(Part 1 shows child justice failures in Court. Part 2 of this series is about neglected children who died in fires. Part 3 covers children who die in hot cars and in drownings. Part 4 explains parents who are addicted or psychotic from marijuana. Part 5 shows how children die through violence related to pot. Part 6 presents a solution. Download our updated fact sheet on 80 deaths from marijuana. Read a previous article,Three Children Die in Colorado.)
43 Unnecessary Deaths, the Innocent Victims of Parents’ Pot Habits
On January 13, 2014, two-year old Levi Welton tragically died in a fire in Colorado while his parents smoked pot. Also in January, 2014, Heather Jensen was convicted of involuntary manslaughter for the deaths of her sons, ages 2 and 4. The Jensen boys died in a hot car while their mom left them and smoked pot — a few weeks after Colorado’s historic vote to legalize marijuana.
The stories were in the Denver news the same month that recreational marijuana stores opened in Colorado, January 2014. The national press ignored these two horror stories with a marijuana connection, but made a huge issue of marijuana commercialization, the story promoted by the marijuana industry.
Getting to the Truth
Since Colorado and Washington voted to legalize pot, dozens of children have died nationwide because their parents’ or caretaker’s pot use took priority over them. This series profiles 43 children who died….and a few who survived. An infant was inside the house when a hash oil lab exploded in Puyallup, WA, on May 20, 2014. (watch the video) The baby survived, but the blast was huge. Extracting butane hash oil is very dangerous. See Komo News photo above.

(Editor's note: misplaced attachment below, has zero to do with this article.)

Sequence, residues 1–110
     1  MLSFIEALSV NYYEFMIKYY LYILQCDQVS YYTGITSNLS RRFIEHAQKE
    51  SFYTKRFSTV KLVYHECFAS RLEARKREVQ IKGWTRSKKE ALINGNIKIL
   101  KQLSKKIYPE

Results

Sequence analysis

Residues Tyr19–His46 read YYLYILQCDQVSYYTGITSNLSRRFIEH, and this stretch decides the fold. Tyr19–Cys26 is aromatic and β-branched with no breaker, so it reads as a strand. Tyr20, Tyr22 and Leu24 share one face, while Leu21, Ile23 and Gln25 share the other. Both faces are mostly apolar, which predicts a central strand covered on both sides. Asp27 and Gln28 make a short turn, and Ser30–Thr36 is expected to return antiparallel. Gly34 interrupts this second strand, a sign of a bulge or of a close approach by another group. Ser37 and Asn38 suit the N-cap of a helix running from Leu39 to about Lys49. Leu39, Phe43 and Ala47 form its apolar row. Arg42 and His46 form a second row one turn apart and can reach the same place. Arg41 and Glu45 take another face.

Many of the deaths occurred because of negligence by stoned parents who forgot about their kids. The claim that pot is “no worse than alcohol or “safer than alcohol” has misled a generation of young adults who are now having children. Eight of the deaths were caused by fires and 6 happened to children left in hot cars. There were 5 drownings and 18 violent deaths. Three babies didn’t survive infancy because of their mothers’ pot use. At least 5 of the deaths occurred in Colorado, and 8 in California which has the nation’s oldest and largest “medical” marijuana program.